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After 28 years of making music, Daft Punk is splitting up

The famous pop/electronic duo won the Grammy for Album of the Year in 2013 with ‘Random Access Memories’

SHARE After 28 years of making music, Daft Punk is splitting up
In this April 17, 2013 file photo, Thomas Bangalter, left, and Guy-Manuel de Homem-Christo, from the music group, Daft Punk, pose for a portrait in Los Angeles.

In this April 17, 2013 file photo, Thomas Bangalter, left, and Guy-Manuel de Homem-Christo, from the music group, Daft Punk, pose for a portrait in Los Angeles.

Associated Press

Daft Punk, the Grammy-winning pop/electronic duo behind hits like “Get Lucky” and “One More Time,” has decided to hang up its space helmets.

Variety reports the duo announced their retirement through a video titled “Epilogue” that was uploaded to YouTube on Monday morning.

According to The Guardian, the video uses footage from the duo’s 2006 musical film “Electroma,” music from their 2013 song “Touch,” and a title card that reads “1993-2021.” You can watch the eight-minute video in full here:

Both Pitchfork and Variety received confirmation of the breakup from Daft Punk’s longtime publicist Kathryn Frazier, though she declined to provide further details about the split to either publication.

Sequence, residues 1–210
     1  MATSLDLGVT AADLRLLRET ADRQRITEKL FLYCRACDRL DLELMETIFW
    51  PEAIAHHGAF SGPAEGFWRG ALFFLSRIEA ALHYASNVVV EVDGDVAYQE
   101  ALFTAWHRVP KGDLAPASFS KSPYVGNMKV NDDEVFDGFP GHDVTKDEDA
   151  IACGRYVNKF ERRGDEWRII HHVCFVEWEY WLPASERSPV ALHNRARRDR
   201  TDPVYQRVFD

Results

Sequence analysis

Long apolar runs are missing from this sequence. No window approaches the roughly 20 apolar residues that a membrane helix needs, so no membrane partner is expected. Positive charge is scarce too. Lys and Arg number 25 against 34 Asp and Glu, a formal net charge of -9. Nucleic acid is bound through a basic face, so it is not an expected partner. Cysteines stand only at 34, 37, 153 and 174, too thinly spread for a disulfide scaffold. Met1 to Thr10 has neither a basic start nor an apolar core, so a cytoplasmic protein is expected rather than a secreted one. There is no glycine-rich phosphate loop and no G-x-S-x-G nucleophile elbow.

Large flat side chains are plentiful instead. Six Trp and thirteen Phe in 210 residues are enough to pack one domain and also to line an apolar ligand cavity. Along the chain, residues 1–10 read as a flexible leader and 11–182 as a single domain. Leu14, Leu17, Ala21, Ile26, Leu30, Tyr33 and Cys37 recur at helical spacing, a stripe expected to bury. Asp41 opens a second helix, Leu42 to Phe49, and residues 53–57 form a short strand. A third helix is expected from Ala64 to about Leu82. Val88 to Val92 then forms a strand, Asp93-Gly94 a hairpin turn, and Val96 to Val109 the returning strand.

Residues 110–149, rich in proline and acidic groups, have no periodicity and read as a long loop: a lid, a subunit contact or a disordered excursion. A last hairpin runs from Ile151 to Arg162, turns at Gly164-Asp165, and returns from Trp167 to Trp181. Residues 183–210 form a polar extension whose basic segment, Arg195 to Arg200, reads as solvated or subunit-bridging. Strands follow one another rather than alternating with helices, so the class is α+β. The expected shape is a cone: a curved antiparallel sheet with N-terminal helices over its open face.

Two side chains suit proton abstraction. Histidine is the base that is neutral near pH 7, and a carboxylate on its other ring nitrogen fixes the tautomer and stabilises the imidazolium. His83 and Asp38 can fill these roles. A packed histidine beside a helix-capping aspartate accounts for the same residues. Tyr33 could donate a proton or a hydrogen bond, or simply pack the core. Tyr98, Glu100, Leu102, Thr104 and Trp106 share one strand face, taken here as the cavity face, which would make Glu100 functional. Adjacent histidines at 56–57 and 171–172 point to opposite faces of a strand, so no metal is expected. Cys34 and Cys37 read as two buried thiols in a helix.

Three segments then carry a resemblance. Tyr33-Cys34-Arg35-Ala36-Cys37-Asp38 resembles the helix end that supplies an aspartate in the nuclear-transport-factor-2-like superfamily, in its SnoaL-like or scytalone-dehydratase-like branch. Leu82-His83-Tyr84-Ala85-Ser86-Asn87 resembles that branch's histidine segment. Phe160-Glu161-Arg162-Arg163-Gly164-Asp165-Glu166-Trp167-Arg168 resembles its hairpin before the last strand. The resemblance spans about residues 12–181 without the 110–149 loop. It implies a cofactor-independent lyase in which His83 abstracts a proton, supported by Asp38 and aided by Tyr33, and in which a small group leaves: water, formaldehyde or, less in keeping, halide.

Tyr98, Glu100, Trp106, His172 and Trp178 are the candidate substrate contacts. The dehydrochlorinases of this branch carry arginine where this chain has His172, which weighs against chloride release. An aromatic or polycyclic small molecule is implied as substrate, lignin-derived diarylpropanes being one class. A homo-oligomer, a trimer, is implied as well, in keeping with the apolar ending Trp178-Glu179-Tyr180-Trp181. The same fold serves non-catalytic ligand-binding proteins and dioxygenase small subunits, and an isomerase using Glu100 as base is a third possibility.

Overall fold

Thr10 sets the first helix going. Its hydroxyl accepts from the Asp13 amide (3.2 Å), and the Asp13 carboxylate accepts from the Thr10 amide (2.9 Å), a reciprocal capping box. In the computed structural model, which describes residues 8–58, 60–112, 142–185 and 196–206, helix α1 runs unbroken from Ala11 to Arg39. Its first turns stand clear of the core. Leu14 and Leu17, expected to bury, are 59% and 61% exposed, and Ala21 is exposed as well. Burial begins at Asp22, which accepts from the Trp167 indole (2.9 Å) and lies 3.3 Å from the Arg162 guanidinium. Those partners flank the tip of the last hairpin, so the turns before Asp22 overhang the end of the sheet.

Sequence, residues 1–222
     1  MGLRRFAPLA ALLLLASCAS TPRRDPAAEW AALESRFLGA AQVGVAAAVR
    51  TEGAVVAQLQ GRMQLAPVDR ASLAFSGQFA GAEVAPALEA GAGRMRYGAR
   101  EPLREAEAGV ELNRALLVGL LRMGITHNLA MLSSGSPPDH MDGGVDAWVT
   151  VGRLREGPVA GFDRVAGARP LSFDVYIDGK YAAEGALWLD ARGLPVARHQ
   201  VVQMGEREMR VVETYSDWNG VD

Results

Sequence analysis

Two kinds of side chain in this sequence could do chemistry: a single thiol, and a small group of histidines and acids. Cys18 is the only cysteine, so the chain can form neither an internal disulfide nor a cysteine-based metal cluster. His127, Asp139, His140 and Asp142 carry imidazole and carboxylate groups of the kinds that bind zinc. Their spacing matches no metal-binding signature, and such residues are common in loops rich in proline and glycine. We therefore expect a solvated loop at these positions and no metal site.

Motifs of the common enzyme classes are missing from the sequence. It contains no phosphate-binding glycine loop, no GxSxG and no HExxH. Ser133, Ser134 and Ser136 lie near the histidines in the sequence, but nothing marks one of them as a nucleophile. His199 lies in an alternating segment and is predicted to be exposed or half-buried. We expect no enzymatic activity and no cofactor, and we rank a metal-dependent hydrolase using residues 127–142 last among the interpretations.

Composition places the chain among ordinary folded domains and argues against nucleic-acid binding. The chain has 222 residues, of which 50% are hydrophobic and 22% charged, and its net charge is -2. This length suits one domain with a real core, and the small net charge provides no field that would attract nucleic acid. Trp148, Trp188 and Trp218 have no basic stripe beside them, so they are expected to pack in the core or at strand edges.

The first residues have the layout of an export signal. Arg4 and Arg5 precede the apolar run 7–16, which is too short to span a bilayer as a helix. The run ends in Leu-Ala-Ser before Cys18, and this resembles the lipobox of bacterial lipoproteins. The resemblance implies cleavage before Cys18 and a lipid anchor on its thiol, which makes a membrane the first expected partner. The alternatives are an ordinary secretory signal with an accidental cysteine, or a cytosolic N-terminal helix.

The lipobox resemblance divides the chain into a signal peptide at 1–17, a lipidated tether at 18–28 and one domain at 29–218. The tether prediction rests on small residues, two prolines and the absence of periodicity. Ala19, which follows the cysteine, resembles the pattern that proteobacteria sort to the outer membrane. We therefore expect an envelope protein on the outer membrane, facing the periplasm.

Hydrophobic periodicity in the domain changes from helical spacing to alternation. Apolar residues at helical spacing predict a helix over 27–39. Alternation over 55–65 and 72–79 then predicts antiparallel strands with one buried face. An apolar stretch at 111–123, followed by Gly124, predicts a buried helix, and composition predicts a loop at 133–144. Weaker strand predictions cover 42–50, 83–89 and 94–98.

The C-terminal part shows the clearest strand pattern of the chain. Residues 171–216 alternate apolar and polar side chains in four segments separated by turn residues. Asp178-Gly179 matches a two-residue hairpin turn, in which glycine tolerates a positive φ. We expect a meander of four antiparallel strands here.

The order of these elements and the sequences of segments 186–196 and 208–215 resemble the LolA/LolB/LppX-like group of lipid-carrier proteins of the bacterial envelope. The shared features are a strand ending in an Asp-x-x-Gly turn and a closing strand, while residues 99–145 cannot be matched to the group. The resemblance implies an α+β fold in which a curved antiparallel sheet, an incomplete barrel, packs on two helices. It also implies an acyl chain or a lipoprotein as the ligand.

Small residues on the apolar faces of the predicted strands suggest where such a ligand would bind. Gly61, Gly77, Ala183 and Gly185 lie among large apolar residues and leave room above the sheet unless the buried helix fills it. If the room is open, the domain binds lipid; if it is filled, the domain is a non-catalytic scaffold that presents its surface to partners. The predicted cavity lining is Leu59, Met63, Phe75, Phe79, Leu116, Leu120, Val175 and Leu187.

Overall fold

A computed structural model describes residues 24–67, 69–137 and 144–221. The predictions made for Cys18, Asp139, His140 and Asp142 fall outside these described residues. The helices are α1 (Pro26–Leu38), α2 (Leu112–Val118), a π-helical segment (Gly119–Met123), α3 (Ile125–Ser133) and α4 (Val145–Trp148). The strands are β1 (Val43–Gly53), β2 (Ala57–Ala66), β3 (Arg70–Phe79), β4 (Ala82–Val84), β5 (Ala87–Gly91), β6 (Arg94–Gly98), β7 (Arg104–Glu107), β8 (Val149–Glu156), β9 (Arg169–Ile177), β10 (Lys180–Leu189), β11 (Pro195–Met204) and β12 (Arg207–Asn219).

The breakup marks the end of a 28-year partnership between frenchmen Guy-Manuel de Homem-Christo and Thomas Bangalter, who formed the band after playing together in a rock group called Darlin, The Guardian reports.

According to the site, Daft Punk’s biggest hit was “Get Lucky,” which featured vocals from Pharell Williams and reached No. 1 across world charts in 2013. The song was the lead single from the duo’s fourth and final studio album, “Random Access Memories,” which won six Grammy awards including record and album of the year.

The duo’s most recent singles debuted in 2016, in collaboration with the Weeknd. Together the artists produced “Starboy” and “I Feel it Coming,” two chart-topping songs that were both featured in the Weeknd’s third studio album also titled “Starboy.”

Some are speculating that Daft Punk’s sudden retirement might not be what it seems. In an article reporting on the duo’s breakup, Variety’s Jem Aswad wrote, “It seems likely, considering the group’s famously contrarian and convention-mocking history, that they will continue to release music, videos and whatever other projects strike their fancy.”

He added, “It is even possible that this announcement could be the beginning of a new project.”